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Supreme Court says Secret Service agents are immune in Bush protest lawsuit

May 27, 2014

Washington Post

Supreme Court says Secret Service agents are immune in Bush protest lawsuit

Screw the First Amendment!!! Well at least that's how the Supreme Court seems to feel!!!

And of course the reason the Founders gave us the 2nd Amendment is because they know that there would routinely be Supreme Court cases like this one.

Supreme Court says Secret Service agents are immune in Bush protest lawsuit

By Robert Barnes, Tuesday, May 27, 9:12 AM E-mail the writer

The Supreme Court ruled Tuesday that a lawsuit alleging that Secret Service agents treated supporters of President George W. Bush differently than critics could not go forward.

The court ruled unanimously that the agents were immune from suit because they had good reason to move the protesters farther away when the president decided to dine on a patio after a 2004 campaign event in Jacksonville, Ore.

There is no precedent that says agents engaged in crowd control have a First Amendment obligation to ensure that crowds with different viewpoints be kept at comparable locations when they develop a security perimeter, Justice Ruth Bader Ginsburg wrote for the court.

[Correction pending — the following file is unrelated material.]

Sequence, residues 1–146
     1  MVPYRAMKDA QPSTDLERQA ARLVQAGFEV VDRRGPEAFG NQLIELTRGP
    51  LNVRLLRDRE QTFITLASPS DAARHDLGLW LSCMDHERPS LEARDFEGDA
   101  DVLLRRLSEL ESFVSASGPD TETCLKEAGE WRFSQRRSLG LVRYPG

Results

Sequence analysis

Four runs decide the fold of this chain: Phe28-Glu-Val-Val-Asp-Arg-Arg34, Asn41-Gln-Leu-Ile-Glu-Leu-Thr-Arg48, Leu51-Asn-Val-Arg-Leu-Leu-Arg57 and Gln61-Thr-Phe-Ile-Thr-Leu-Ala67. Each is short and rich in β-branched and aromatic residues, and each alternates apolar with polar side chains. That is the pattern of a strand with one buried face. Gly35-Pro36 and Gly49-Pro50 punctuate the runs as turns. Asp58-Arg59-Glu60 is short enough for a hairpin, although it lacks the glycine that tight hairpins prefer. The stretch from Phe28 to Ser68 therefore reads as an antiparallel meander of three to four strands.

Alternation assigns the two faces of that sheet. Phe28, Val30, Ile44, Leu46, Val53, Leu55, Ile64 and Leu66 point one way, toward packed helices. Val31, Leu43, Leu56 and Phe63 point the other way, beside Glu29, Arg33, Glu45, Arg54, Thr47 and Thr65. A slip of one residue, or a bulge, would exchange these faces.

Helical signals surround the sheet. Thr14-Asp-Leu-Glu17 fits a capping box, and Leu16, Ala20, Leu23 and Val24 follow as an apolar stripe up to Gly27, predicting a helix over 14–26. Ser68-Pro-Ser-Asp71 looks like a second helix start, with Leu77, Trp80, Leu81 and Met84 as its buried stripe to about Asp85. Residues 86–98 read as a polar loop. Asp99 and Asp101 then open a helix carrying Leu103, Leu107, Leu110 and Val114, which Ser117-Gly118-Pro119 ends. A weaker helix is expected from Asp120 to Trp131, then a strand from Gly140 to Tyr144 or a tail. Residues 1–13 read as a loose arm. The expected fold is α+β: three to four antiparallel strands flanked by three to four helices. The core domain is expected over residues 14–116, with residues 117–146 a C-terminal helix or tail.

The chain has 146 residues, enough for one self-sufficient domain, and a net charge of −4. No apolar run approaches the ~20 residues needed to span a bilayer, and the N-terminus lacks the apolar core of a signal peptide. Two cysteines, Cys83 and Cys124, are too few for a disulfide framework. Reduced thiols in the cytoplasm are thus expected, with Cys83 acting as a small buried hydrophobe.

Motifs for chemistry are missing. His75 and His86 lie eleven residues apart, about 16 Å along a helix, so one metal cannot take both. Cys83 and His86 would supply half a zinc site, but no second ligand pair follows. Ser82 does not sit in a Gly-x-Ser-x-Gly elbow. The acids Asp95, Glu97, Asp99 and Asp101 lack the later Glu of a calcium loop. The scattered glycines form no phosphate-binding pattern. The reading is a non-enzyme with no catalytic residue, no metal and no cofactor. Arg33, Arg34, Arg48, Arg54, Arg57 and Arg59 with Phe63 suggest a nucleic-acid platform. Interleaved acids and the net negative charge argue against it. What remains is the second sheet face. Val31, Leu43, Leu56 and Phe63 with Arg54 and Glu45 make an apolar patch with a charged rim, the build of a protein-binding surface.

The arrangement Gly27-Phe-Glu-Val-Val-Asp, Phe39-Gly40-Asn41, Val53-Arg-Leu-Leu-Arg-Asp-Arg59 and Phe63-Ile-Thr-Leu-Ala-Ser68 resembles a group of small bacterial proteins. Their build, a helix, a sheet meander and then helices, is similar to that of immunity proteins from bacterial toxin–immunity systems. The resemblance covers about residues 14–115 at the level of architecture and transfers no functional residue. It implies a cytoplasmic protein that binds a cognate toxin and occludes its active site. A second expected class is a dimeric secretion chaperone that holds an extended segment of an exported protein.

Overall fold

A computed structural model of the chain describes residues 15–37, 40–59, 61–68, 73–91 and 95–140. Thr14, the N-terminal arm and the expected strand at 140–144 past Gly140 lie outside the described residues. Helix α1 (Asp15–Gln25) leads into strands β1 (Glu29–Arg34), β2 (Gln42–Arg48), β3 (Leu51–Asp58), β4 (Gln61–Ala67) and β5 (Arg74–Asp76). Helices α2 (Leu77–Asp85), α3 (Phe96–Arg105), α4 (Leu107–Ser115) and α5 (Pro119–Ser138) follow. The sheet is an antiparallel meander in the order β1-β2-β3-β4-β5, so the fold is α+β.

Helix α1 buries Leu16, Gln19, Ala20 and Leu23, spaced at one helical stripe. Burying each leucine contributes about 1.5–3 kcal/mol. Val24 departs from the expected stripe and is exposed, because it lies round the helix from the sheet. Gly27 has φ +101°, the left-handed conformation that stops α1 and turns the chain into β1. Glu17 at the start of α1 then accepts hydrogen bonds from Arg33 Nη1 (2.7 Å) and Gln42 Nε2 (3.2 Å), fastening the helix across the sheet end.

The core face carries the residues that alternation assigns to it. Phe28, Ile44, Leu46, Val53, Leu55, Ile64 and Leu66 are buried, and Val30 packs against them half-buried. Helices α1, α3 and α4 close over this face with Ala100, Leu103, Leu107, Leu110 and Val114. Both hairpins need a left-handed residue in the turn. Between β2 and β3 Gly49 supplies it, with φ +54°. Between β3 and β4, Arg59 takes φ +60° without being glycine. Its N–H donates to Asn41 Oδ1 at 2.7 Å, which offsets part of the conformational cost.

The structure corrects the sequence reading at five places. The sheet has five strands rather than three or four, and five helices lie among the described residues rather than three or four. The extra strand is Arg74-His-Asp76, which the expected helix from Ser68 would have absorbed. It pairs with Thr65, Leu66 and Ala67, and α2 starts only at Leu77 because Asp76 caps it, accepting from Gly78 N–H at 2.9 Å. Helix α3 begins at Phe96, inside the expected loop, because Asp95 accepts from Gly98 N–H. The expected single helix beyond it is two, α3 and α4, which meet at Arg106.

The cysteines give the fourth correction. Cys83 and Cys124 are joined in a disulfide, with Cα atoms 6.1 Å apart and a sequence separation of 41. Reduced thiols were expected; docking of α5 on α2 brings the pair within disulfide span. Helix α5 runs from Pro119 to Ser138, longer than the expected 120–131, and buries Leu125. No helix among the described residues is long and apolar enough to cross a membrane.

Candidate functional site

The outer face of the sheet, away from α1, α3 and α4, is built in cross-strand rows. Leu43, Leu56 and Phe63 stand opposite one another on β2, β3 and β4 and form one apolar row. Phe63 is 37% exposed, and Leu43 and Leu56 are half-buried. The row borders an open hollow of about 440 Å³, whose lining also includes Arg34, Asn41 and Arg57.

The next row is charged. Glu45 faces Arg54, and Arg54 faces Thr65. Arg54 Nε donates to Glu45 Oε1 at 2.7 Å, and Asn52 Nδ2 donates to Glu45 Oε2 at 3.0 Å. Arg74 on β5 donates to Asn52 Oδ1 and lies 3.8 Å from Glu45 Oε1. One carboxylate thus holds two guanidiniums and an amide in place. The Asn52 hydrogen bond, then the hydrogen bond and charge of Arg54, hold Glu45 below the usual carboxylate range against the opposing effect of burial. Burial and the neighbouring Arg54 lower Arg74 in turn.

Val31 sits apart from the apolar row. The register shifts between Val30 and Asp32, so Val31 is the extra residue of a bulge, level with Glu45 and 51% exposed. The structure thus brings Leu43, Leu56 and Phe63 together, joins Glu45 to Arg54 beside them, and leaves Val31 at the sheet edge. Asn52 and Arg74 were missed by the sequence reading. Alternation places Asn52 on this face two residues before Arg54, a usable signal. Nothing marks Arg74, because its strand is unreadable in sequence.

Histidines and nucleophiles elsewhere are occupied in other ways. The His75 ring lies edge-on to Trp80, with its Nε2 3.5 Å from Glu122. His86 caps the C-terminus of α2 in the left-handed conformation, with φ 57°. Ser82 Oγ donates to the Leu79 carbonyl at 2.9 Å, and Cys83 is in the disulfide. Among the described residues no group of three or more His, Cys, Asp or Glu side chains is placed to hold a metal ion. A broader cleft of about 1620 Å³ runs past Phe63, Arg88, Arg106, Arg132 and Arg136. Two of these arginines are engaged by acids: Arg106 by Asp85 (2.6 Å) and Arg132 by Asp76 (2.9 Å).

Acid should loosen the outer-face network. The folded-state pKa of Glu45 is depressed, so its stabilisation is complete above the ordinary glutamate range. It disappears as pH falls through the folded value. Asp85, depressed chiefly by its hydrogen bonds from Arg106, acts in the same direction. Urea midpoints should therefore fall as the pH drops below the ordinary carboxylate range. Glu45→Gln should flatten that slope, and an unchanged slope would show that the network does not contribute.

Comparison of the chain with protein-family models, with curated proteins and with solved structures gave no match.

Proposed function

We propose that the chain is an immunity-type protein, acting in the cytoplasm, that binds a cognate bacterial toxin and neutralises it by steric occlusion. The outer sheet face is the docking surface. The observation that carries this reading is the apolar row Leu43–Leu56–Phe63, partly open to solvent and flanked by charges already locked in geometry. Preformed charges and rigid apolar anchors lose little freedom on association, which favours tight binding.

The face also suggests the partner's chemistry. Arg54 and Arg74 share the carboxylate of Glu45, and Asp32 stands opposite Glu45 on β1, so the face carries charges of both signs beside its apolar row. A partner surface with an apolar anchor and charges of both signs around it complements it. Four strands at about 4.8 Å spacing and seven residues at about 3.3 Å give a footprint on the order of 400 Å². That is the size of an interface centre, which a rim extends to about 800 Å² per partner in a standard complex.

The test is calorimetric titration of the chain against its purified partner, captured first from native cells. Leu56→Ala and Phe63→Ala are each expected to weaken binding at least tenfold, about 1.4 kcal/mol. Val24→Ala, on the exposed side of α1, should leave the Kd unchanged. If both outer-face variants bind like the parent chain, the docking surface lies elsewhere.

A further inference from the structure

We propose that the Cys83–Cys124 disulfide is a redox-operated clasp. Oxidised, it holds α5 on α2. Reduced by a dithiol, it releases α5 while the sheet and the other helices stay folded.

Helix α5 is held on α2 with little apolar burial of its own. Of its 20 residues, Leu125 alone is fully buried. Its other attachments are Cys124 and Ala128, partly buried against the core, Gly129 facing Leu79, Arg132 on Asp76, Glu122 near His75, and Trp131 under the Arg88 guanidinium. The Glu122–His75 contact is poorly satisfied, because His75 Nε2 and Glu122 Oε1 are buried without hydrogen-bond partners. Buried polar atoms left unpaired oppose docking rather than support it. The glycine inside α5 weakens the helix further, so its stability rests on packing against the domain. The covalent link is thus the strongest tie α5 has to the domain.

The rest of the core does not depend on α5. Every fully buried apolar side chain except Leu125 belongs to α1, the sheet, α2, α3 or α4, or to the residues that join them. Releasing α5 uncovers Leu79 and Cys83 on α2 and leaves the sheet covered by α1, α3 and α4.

“Nor would the maintenance of equal access make sense in the situation the agents confronted,” Ginsburg wrote.

It was one of two rulings the court made Tuesday that said law enforcement officials deserved immunity for their actions.

In the other, the court was also unanimous that West Memphis police officers had not acted unreasonably in shooting and killing a man who had led police on a wild, high-speed chase in two states. In both cases, the court overturned rulings by lower appeals courts.

In the Secret Service case, the agents’ job was complicated by an impromptu decision Bush made to dine al fresco. Two groups were assembled nearby. Between 200 and 300 people unhappy with the president gathered in their assigned spot on the street and sidewalks immediately adjacent, while a group of Bush supporters collected a block away.

About 15 minutes after the president was seated and a noisy protest began, the anti-Bush crowd was moved farther away, while the supporters were left where they were. When the motorcade departed, Bush drove past the supporters, but the protesters were not on the route.

Seven protesters sued Secret Service agents Tim Wood and Rob Savage, saying the unequal treatment violated free speech rights. Represented by the American Civil Liberties Union, the protesters allege that it was one of more than a dozen instances in which demonstrators were treated differently based on whether they supported or opposed Bush.

But Ginsburg said it was clear from maps and diagrams of the incident that the pro-Bush protesters could not have endangered the president from their vantage point.

The protesters, on the other hand, “were within weapons range, and had a largely unobstructed view, of the president’s location.”

The Secret Service case is Wood v. Moss . The case from West Memphis is Plumhoff v. Rickard .